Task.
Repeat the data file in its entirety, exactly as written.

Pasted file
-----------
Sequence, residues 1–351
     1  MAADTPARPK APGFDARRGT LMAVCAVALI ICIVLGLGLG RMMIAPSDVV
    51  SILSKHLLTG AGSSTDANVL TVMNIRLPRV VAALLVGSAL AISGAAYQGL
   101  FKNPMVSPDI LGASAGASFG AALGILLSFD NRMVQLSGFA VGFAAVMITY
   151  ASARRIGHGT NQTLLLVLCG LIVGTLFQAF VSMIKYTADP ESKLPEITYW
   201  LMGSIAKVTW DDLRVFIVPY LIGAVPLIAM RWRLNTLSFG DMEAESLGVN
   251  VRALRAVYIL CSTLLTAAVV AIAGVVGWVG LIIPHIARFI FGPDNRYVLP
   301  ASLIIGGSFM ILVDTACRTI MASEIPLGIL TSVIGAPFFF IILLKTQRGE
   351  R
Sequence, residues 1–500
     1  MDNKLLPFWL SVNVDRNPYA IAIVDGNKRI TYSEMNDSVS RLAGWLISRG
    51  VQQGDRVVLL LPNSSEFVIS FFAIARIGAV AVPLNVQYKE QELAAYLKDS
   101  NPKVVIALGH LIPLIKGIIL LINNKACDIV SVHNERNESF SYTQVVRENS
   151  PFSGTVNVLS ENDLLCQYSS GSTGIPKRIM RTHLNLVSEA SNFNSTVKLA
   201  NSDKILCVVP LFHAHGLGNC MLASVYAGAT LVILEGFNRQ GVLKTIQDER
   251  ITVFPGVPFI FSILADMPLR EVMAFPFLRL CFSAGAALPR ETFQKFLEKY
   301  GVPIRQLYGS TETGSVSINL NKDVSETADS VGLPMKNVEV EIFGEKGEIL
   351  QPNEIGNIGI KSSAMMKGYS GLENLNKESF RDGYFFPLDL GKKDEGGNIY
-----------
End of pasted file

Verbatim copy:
Sequence, residues 1–351
     1  MAADTPARPK APGFDARRGT LMAVCAVALI ICIVLGLGLG RMMIAPSDVV
    51  SILSKHLLTG AGSSTDANVL TVMNIRLPRV VAALLVGSAL AISGAAYQGL
   101  FKNPMVSPDI LGASAGASFG AALGILLSFD NRMVQLSGFA VGFAAVMITY
   151  ASARRIGHGT NQTLLLVLCG LIVGTLFQAF VSMIKYTADP ESKLPEITYW
   201  LMGSIAKVTW DDLRVFIVPY LIGAVPLIAM RWRLNTLSFG DMEAESLGVN
   251  VRALRAVYIL CSTLLTAAVV AIAGVVGWVG LIIPHIARFI FGPDNRYVLP
   301  ASLIIGGSFM ILVDTACRTI MASEIPLGIL TSVIGAPFFF IILLKTQRGE
   351  R
Sequence, residues 1–500
     1  MDNKLLPFWL SVNVDRNPYA IAIVDGNKRI TYSEMNDSVS RLAGWLISRG
    51  VQQGDRVVLL LPNSSEFVIS FFAIARIGAV AVPLNVQYKE QELAAYLKDS
   101  NPKVVIALGH LIPLIKGIIL LINNKACDIV SVHNERNESF SYTQVVRENS
   151  PFSGTVNVLS ENDLLCQYSS GSTGIPKRIM RTHLNLVSEA SNFNSTVKLA
   201  NSDKILCVVP LFHAHGLGNC MLASVYAGAT LVILEGFNRQ GVLKTIQDER
   251  ITVFPGVPFI FSILADMPLR EVMAFPFLRL CFSAGAALPR ETFQKFLEKY
   301  GVPIRQLYGS TETGSVSINL NKDVSETADS VGLPMKNVEV EIFGEKGEIL
   351  QPNEIGNIGI KSSAMMKGYS GLENLNKESF RDGYFFPLDL GKKDEGGNIY